What To Charge For A Sponsored Post

As Claudia said, you need to value yourself. Sue Ann Dunlevie of has an interesting article on what to charge for blogging. Even if your page views are 5,000 unique views per month on Google Analytics, you can very likely charge between $50-100 per post. If not, learn how to get your first 1000 page views. In addition, Claudia’s advice shows the importance of a strong social media following. Learn how to grow your followers.

Once you have a rate set for your blog, you can charge slightly less to post on someone else’s blog. I say less because when it’s your blog, you’re charging for work plus advertising. Remember that a sponsored post is advertising that never leaves your blog! This is why ads do not cost as much as sponsored posts. Ads are rotating fees that can be renewed and expire, and as such, will be a much lower fee.

Don’t Forget Your Media Kit

As you can see, it’s critical to have a media kit for pitching. Design one as soon as possible. This does not have to be a painful procedure! You can make it in your word processing software. You need to include the following items:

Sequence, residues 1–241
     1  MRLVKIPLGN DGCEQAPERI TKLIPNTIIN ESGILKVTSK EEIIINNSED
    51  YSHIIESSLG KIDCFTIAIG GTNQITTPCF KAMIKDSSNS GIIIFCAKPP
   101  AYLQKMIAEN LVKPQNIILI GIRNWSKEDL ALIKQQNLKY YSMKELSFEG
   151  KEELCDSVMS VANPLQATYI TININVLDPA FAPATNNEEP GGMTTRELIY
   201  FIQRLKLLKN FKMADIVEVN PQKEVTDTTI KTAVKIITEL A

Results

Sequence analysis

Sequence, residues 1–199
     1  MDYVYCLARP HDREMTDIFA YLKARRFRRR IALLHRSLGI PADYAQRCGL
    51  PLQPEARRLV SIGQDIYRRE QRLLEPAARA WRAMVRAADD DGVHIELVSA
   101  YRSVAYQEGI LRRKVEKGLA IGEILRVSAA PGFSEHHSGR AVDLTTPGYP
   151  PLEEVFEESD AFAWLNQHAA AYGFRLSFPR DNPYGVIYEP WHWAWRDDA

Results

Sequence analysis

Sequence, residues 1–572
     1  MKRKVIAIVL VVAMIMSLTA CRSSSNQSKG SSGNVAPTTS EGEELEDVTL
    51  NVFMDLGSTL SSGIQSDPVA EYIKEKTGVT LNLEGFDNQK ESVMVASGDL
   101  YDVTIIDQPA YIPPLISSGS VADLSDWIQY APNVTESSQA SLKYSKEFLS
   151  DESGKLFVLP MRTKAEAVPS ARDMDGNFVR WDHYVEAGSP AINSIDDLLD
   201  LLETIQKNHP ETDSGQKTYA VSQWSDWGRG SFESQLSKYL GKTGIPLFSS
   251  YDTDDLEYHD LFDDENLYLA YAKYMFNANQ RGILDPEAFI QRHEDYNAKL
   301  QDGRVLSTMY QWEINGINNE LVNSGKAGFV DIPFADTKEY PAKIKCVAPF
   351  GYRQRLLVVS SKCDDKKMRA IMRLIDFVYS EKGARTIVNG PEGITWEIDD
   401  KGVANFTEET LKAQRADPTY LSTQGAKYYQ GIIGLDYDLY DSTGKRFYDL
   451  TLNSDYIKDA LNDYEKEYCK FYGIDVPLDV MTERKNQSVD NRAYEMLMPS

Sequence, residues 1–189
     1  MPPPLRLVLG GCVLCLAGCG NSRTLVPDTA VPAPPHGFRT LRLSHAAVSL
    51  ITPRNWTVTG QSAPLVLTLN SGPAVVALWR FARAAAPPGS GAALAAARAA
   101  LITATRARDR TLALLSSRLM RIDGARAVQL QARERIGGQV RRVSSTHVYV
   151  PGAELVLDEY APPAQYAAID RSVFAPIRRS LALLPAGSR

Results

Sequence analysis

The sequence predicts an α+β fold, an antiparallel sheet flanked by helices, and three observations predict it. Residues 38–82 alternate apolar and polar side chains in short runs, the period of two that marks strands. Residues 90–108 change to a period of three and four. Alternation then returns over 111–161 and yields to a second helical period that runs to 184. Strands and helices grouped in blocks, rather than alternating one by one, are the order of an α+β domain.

• Your photo (the one you use on your blog and as an avatar, which should be consistent), blog name and logo.
  • Your contact information, including email and phone.
  • Your blog’s mission and target audience. Tell them what your brand is.
  • Any accomplishments that relate to what you will be offering brands. These can be viral posts, awards, workshops, ebooks you’ve written, influencer achievements, etc.
  • What you can offer a brand, for example: sponsored posts, Twitter party management, conference representative, etc. Make sure your accomplishments are in line with this.
  • Brands you’ve worked with in the past.

I will leave you with my own recent story. I’ve been working in the organic food/natural health space for over a year. During this time, my family has been working with a homeopath who is also a shop owner. She kindly gave me a gift certificate for a giveaway last winter. After that, we began to discuss how I might write for her. We spoke this week and she is keen on working with me in an even bigger capacity for networking efforts and conferences. This will be my biggest project to date and it all arose organically.

So brainstorm your brand, clean up your media stream, be authentic, value yourself and start creatively considering what you can offer a brand. You have nothing to lose.